About The Gazette Search Back Issues Contact Us    
The newspaper of The Johns Hopkins University March 27, 2006 | Vol. 35 No. 27
Student Volunteers Head to Gulf Region

Traveling on a Blue Jays bus, a group representing the Bunting-Meyerhoff Center leaves for the Baltimore airport.

Three Homewood groups use spring break to help Katrina victims

By Greg Rienzi
The Gazette

Dozens of Johns Hopkins students flew south for spring break 2006, but the sun and fun were not necessarily on the agenda. Call it a working vacation.

Members of three different groups, they traveled last week to the Gulf region to help those affected by Hurricane Katrina, in particular, residents in New Orleans and Moss Point, Miss.

Fifteen Homewood undergraduates representing the Bunting-Meyerhoff Interfaith and Community Service Center went to the Gulf Coast on an "interfaith rebuilding trip." The group believes that Katrina not only caused tremendous suffering but also exposed dividing lines of class, race, geography and wealth. Their aim, they said, was to reach across some of those barriers to display a model of American religious pluralism that reflects shared commitment.

The students and four staff members were in the poor and devastated area of Moss Point, where they hung drywall, painted, cleaned up yards, and installed insulation and flooring in homes.

Reached there by phone, Tursina Abdul-Rashid, a senior environmental engineering major, described the area as generally unkempt with lots of undergrowth, wind and rain damage "and broken windows everywhere." Abdul-Rashid said the full-day workloads, beginning each day at 7 a.m., have been strenuous but extremely rewarding.

"People here are really amazing. The [residents] have been so positive, not angry or sad, just working hard," she said. "It's been an amazing experience so far. I'm so glad I came here."

The participants represent a number of faith traditions and cultural backgrounds. JHU Campus Ministries, including all its participating religious and spiritual organizations, along with other campus partners, funded the trip. Assistant Chaplain Kathy Schnurr and Rabbi Joseph Menashe led the group, who were joined by Lt. Col. Kenneth Romaine and Capt. Amy Wallace from the JHU ROTC Blue Jay Battalion.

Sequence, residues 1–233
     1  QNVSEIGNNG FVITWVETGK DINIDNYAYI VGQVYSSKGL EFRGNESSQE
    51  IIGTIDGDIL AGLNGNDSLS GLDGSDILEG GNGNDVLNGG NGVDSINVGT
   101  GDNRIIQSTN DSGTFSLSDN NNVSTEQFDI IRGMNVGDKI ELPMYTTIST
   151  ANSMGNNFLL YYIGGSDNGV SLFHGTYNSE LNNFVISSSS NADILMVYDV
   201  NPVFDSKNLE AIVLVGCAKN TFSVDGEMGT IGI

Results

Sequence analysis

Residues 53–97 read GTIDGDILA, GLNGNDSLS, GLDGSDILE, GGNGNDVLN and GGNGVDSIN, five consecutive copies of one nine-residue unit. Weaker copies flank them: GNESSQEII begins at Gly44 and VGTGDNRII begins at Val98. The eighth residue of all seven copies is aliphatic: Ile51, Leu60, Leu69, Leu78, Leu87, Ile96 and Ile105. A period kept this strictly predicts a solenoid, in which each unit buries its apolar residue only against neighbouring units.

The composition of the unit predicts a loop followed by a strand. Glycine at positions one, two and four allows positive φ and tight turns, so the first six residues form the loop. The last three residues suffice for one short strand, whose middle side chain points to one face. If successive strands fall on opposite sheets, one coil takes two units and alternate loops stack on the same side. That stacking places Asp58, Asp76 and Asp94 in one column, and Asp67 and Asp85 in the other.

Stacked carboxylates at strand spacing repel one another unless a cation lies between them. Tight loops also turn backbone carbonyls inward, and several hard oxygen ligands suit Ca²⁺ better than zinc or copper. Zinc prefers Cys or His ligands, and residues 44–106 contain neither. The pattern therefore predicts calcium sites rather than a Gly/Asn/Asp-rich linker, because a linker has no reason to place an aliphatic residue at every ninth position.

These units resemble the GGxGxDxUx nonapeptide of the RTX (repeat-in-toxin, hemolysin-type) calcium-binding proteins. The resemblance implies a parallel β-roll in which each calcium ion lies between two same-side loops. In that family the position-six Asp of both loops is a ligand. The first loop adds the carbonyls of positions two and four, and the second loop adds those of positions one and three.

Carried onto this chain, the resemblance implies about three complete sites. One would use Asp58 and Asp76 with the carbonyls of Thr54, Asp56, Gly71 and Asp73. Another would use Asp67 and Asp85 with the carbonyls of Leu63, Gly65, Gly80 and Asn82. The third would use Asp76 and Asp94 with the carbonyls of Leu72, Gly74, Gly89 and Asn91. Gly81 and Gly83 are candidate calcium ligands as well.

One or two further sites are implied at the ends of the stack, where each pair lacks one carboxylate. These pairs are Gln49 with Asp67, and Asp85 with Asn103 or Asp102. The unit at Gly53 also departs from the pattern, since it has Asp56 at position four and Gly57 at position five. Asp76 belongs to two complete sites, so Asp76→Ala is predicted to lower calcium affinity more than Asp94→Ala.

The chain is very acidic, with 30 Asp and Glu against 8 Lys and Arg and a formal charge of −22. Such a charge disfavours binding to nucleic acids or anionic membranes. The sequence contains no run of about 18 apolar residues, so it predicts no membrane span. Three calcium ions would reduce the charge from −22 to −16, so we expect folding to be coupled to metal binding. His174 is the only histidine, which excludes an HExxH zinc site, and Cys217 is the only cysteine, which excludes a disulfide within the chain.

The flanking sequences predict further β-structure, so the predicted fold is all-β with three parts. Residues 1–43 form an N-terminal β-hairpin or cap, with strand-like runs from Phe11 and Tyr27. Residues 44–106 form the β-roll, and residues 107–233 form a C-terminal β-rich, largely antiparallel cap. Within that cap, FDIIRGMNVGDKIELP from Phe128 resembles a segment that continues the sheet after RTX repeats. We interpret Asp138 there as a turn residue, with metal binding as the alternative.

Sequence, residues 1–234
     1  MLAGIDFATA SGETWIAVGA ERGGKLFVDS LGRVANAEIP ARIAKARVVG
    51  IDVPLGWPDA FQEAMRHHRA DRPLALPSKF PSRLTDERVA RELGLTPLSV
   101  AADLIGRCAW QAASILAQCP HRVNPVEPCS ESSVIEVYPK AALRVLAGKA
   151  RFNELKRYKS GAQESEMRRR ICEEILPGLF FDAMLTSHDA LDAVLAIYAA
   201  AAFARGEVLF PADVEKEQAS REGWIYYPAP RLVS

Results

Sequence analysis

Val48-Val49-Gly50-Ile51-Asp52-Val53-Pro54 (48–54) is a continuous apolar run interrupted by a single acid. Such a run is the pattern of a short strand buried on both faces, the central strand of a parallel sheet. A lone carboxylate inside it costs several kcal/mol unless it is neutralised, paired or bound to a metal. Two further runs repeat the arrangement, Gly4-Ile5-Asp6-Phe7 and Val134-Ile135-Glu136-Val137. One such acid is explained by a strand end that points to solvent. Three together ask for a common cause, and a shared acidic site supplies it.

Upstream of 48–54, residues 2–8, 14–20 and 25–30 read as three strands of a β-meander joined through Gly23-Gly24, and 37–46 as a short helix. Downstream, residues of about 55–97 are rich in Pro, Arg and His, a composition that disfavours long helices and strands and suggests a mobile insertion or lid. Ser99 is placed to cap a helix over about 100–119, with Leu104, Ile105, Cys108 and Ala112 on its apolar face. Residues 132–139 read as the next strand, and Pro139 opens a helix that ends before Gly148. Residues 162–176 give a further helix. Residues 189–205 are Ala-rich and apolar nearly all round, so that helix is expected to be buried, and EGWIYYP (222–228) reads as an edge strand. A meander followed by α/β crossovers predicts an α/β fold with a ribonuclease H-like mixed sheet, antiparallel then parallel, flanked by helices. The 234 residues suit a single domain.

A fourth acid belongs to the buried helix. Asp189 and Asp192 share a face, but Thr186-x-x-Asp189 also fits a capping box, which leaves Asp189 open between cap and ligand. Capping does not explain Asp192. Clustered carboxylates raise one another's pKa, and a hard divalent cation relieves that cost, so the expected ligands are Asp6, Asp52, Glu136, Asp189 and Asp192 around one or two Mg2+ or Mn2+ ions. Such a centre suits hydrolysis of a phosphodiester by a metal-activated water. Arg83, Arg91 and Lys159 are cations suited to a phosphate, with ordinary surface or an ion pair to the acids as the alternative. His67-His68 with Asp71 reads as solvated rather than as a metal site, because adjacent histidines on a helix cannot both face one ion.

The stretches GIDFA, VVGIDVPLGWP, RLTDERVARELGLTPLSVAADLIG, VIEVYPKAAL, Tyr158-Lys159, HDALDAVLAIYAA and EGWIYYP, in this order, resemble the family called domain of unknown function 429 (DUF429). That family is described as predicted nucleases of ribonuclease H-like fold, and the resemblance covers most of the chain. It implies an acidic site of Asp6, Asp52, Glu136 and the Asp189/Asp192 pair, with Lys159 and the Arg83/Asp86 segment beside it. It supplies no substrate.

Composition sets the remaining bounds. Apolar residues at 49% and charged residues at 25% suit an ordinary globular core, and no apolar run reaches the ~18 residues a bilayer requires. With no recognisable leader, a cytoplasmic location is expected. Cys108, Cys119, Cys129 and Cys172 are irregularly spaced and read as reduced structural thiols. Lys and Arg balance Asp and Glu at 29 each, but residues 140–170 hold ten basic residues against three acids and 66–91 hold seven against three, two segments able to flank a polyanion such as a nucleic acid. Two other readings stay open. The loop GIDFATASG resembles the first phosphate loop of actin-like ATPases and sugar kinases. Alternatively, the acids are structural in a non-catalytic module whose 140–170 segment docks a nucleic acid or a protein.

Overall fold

The group stayed at Dantzler Memorial United Methodist Church with other relief groups.

In Moss Point, Miss., the Johns Hopkins students helped rebuild hurricane-devastated homes by hanging drywall, painting, and installing insulation and flooring.

Graduate students from the Institute for Policy Studies and their friends and family members lived at Camp Premier in New Orleans, the St. Bernard Parish emergency tent city, and worked full time to remove debris and start rebuilding in a community where most residential and commercial structures suffered structural damage. The major volunteer effort to rebuild — a collaborative project among the parish government, FEMA and New Orleans Habitat for Humanity — has only just begun.

The group planned to contribute 400 hours of labor and more than $1,000 in supplies and expenses.

Another five undergraduates headed to New Orleans to work with the Common Ground Collective. The group set out to help homeowners gut five to six houses that can either be completely rebuilt or demolished, and to help clear out warehouses for use as a staging area for 5,000 volunteers this summer.

Tom McBride, a senior public health studies major and the group's coordinator, said the scene down there looked like the storm happened just yesterday.

"Homes were completely abandoned," he said. "Everything is still waterlogged, furniture scatted everywhere."

McBride said that most of the homes he saw will need to be disinfected and rebuilt. Those beyond repair will be bulldozed to make way for new construction.

Samantha Simpson, a senior biology major whose family has roots in Louisiana, said it has been an eye-opening experience for her.

"You hear people talk about what it's like down here, but it's a different world when you see it in person," she said. "I'm glad that I can be here to contribute. It really wasn't much of a decision [to come here]. This is something that needs to be done."

The Common Ground Collective's mission is to provide short-term relief for victims of hurricane disasters in the Gulf Coast region and long-term support in rebuilding the communities affected in the New Orleans area.

Simpson said she learned of the Common Ground Collective from a television commercial she saw in early February. She immediately ditched her plans to head to a tropical island for spring break.
Amy Lunday contributed to this article.


The Gazette | The Johns Hopkins University | Suite 540 | 901 S. Bond St. | Baltimore, MD 21231 | 443-287-9900 |